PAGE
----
How does the creative brain work? Nancy Andreasen, neuroscientist and neuropsychiatrist, has spent her life studying the relationship between brain function, mental illnesses and the emergence and continuance of creativity.
What does quantum mechanics tell us about our world -- or are there many worlds due to probability waves? How does the general theory of relativity mesh with quantum mechanics? If you've wished you understood quantum mechanics (or at least grasped the basics) physicist Brian Greene can help!
2015 • Physics
You may think you know who wrote the Declaration of Independence and what it says -- but do you really? Political theorist Danielle Allen looks at the document's origin and originators to give us a picture of the men and the moment in time that shaped the United States of today.
2015 • People
It is hard to imagine a sky without an airplane in it. But David McCullough takes us back to the first days of aviation. We learn about the Wright Brothers, not only through their achievements, but by discovering who they were as people and the early family influences that shaped their characters.
2015 • People
How has Capitalism affected the world? Raj Sisodia, economic analyst, takes us back to pre-Industrial Revolution to show how our standard of living has improved. But now , he feels, it is time for another kind of capitalism - conscious capitalism - based on a value system deeper than profits.
2015 • Economics
Paul Saffo looks at the development of the US economy through the 20th and into the 21st century. What are the trends that have shaped the economy? How are innovations in technology and communications making the 21st century an entirely different landscape for producers and consumers?
2015 • Economics
In the 21st century devices create more data than humans do. Rick Smolan, author of The Human Face of Big Data, shows the positive force of the collection of data in worldwide examples of the uses of medical data, personal data and business data to enrich people's lives.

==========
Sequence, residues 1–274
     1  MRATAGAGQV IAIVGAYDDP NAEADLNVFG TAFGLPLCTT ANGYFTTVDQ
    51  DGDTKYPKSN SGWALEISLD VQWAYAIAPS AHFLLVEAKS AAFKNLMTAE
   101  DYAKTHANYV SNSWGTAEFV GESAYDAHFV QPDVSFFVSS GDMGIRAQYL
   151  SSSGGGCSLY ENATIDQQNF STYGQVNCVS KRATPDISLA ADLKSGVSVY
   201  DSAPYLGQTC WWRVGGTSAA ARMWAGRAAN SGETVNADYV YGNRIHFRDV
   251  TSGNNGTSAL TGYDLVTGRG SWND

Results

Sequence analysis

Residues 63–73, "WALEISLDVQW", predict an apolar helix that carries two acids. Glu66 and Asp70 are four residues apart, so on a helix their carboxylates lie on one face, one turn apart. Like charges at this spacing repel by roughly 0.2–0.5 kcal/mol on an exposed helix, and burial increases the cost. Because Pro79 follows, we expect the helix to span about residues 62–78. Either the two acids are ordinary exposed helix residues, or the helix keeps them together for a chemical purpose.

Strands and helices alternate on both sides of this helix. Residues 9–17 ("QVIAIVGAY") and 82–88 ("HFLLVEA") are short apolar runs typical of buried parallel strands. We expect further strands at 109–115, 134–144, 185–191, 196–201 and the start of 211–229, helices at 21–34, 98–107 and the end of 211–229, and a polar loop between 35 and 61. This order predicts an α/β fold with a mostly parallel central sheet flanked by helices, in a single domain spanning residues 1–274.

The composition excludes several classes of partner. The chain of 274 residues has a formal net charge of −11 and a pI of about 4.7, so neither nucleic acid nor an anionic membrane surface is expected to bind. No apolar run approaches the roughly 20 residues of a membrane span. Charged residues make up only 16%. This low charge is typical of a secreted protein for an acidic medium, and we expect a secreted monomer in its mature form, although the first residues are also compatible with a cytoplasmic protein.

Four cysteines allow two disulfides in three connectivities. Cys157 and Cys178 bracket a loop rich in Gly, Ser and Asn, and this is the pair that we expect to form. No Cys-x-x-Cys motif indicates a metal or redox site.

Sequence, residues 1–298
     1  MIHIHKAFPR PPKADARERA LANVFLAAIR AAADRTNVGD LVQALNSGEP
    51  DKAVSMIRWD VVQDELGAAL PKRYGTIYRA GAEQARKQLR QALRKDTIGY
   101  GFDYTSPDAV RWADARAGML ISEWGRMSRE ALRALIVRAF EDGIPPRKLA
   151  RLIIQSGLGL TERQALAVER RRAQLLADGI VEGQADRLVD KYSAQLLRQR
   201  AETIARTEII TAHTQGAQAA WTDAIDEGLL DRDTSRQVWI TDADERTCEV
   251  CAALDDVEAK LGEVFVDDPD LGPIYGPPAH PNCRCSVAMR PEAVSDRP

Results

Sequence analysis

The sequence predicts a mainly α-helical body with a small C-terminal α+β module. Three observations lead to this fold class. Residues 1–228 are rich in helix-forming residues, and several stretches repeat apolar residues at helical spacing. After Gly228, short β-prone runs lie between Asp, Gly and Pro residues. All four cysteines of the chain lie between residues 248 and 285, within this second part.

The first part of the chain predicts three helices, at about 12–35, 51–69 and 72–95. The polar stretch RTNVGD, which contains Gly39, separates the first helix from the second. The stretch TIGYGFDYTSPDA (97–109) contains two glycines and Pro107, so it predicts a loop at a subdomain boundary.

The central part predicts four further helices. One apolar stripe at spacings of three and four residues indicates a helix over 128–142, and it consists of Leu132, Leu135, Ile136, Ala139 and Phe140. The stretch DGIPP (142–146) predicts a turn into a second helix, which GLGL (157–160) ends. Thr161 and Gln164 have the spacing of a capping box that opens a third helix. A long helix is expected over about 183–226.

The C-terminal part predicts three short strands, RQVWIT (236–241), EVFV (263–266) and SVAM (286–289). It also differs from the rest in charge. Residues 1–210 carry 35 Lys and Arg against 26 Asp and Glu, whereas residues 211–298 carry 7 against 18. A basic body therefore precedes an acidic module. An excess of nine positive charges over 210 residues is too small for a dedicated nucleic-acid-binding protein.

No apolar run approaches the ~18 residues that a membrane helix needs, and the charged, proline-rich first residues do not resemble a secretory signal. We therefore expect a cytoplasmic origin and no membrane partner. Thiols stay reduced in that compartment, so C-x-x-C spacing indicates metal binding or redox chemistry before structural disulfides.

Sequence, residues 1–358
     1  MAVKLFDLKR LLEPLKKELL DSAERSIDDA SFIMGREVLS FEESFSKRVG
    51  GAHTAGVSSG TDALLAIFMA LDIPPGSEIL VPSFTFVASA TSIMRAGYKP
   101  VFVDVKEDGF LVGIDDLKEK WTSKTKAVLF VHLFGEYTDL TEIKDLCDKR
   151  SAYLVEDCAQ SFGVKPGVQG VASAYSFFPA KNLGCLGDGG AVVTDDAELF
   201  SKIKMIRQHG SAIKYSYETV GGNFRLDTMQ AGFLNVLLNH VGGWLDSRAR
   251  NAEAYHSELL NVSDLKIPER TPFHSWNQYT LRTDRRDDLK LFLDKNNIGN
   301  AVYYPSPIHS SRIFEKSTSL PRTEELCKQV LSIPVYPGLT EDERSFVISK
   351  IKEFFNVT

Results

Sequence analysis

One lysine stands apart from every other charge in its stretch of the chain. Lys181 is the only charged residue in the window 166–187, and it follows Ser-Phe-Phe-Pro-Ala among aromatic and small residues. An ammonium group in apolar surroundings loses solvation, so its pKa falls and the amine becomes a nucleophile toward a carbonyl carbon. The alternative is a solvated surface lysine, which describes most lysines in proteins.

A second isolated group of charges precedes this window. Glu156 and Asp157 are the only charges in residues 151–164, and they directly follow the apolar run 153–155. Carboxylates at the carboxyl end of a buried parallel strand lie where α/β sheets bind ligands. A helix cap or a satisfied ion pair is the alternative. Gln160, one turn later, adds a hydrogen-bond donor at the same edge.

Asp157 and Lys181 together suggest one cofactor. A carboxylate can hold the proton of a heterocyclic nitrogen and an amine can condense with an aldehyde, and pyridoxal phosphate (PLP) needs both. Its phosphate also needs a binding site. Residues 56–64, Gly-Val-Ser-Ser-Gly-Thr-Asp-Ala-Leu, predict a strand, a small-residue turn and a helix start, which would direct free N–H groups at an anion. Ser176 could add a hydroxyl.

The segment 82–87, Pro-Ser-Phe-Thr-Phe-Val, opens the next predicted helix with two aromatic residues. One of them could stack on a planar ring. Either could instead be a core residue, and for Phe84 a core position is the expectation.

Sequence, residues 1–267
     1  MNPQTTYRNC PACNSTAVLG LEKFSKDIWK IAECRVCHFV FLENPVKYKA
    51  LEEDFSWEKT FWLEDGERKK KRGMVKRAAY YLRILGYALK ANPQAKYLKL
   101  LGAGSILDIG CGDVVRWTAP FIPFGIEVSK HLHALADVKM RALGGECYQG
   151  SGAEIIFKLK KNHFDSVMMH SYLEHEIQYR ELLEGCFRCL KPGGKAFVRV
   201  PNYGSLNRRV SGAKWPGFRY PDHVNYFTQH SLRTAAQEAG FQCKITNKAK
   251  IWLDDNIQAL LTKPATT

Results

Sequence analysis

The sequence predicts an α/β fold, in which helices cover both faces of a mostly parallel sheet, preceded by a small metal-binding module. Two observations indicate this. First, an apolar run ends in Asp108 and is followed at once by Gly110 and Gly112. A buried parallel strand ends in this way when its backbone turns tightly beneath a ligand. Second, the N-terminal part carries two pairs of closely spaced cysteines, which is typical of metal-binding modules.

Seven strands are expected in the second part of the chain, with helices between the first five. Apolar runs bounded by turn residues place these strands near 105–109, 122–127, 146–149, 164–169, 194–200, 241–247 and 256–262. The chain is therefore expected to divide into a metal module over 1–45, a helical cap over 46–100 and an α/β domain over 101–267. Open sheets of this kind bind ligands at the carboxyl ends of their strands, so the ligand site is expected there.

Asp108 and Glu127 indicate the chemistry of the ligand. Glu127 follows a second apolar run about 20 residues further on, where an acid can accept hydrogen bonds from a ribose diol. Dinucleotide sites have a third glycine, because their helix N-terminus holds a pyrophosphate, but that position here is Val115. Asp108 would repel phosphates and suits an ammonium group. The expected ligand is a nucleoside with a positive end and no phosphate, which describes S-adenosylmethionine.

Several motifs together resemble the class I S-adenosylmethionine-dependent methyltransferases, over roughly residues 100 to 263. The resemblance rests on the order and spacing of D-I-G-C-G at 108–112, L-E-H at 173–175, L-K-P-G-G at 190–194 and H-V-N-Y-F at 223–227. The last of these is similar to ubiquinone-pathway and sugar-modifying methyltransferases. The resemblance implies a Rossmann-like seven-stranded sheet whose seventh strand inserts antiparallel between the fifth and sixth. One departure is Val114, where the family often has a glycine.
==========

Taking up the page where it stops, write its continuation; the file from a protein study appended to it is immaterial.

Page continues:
2015 • Technology
Artificially intelligent machines are taking over. They’re influencing our everyday lives in profound and often invisible ways. They can read handwriting, interpret emotions, play games, and even act as personal assistants. They are in our phones, our cars, our doctors’ offices, our banks, our web searches…the list goes on and is rapidly growing ever longer. But how does today’s A.I. actually work—and is it truly intelligent? And for that matter, what is intelligence? The world’s brightest computer programmers are trying to build brighter machines by reverse-engineering the brain and by inventing completely new kinds of computers, with exponentially greater speed and processing power. NOVA Wonders looks at how far we’ve come and where machines are headed as their software becomes ever more…cerebral. How close are we from a world in which computers take over—from diagnosing cancer to driving our cars to targeting weapons? If we place more and more of our lives under the control of these artificial brains, what are we putting at risk?
Comedian and impressionist Rory Bremner is on a personal mission to uncover the science of ADHD (attention deficit hyperactivity disorder), a condition which he has suspected he has. In this film, Rory learns about the science of ADHD, goes for a diagnosis and tries the drug methylphenidate (also known as Ritalin) for the first time - just before walking on stage. Around three per cent of the adult population suffer from ADHD (and five per cent of children), yet many people remain sceptical of its existence, blaming it on naughty children or bad parenting.
A new generation of technology is revolutionizing neuroscience, allowing a closer study of the brain than had ever seemed possible. The techniques are hybrids of optics, genetics, and synthetic biology with the ability to manipulate brain activity, often in real time. Through direct stimulation of neural connections, some of these techniques hold the promise for the treatment of diseases like depression or schizophrenia.
The best-selling authors of Super Brain, Dr. Deepak Chopra and Dr. Rudy Tanzi, describe the basic rules about how our brain functions. Your brain always eavesdrops on your thoughts. Can you teach your brain to become unlimited, by thinking that you have that potential?
Neuroscientist David Eagleman explores the human brain in an epic series that reveals the ultimate story of us, why we feel and think the things we do. This ambitious project blends science with innovative visual effects and compelling personal stories, and addresses some big questions. By understanding the human brain, we can come close to understanding humanity. Part 6: Who Will We be In ‘Who will we be?’ Dr. David Eagleman journeys into the future, and asks what’s next for the human brain, and for our species. Mother nature has evolved a brain that is eminently flexible, able to rewire itself according to whatever environment it finds itself in, which means that as technological advances continue apace, our technology is on a crash course with our biology.